Purpose: Minimally invasive surgery is in constant further development and has replaced many conventional operative procedures. If vascular structure movement could be detected during these procedures, it could reduce the risk of vascular injury and conversion to open surgery. The recently proposed motion-amplifying algorithm, Eulerian Video Magnification (EVM), has been shown to substantially enhance minimal object changes in digitally recorded video that is barely perceptible to the human eye. We adapted and examined this technology for use in urological laparoscopy.
Materials and methods: Video sequences of routine urological laparoscopic interventions were recorded and further processed using spatial decomposition and filtering algorithms. The freely available EVM algorithm was investigated for its usability in real-time processing. In addition, a new image processing technology, the CRS iimotion Motion Magnification (CRSMM) algorithm, was specifically adjusted for endoscopic requirements, applied, and validated by our working group.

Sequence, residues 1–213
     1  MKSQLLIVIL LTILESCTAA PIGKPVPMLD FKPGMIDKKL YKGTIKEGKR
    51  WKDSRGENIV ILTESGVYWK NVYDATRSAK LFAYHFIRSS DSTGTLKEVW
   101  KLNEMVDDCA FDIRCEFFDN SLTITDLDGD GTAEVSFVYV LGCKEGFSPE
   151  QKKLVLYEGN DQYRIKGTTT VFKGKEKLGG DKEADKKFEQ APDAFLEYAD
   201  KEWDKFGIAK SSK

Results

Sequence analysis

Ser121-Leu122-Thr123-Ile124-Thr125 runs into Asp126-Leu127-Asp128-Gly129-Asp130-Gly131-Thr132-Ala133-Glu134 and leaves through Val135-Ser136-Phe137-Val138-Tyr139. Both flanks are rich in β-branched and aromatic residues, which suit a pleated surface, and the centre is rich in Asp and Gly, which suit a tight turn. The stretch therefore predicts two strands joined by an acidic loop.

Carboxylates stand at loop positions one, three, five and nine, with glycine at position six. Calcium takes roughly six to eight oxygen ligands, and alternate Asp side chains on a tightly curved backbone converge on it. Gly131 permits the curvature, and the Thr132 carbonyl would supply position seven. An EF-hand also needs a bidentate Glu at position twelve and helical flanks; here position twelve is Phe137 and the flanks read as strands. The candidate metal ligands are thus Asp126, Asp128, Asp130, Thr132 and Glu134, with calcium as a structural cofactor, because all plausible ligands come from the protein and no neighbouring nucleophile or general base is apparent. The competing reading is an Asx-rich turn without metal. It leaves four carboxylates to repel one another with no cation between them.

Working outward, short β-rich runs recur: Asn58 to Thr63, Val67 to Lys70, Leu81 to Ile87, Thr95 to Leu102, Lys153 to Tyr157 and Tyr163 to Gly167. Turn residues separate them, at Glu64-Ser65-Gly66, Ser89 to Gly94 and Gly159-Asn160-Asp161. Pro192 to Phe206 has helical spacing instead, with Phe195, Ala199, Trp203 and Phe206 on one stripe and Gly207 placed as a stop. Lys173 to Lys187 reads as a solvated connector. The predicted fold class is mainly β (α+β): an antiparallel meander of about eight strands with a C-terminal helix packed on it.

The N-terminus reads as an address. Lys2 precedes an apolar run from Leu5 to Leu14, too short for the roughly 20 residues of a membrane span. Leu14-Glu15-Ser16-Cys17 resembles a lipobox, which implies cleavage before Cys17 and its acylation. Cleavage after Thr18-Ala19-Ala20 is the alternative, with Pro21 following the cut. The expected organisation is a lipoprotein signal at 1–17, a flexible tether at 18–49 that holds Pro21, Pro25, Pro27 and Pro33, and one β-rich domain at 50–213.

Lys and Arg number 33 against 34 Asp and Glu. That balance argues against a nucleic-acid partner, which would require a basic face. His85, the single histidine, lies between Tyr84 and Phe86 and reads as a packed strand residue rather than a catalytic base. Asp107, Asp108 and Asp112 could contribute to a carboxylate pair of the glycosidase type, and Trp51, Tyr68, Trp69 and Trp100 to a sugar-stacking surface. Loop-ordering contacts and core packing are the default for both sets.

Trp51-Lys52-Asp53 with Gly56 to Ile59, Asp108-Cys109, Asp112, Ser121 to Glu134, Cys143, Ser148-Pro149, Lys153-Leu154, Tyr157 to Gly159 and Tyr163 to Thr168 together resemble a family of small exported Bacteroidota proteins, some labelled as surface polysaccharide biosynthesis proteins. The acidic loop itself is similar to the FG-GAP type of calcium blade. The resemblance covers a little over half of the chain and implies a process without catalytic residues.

Results: Using EVM, no significant motion enhancement could be detected without severe impairment of the image resolution, motion, and color presentation. The CRSMM algorithm significantly improved image quality in terms of motion enhancement. In particular, the pulsation of vascular structures could be displayed more accurately than in EVM.
Conclusions: Motion magnification image processing technology has the potential for clinical importance as a video optimizing modality in endoscopic and laparoscopic surgery. Barely detectable (micro)movements can be visualized using this noninvasive marker-free method. Despite these optimistic results, the technology requires considerable further technical development and clinical tests.
Keywords: Eulerian Video Magnification; endoscopic urology; laparoscopy; motion magnification.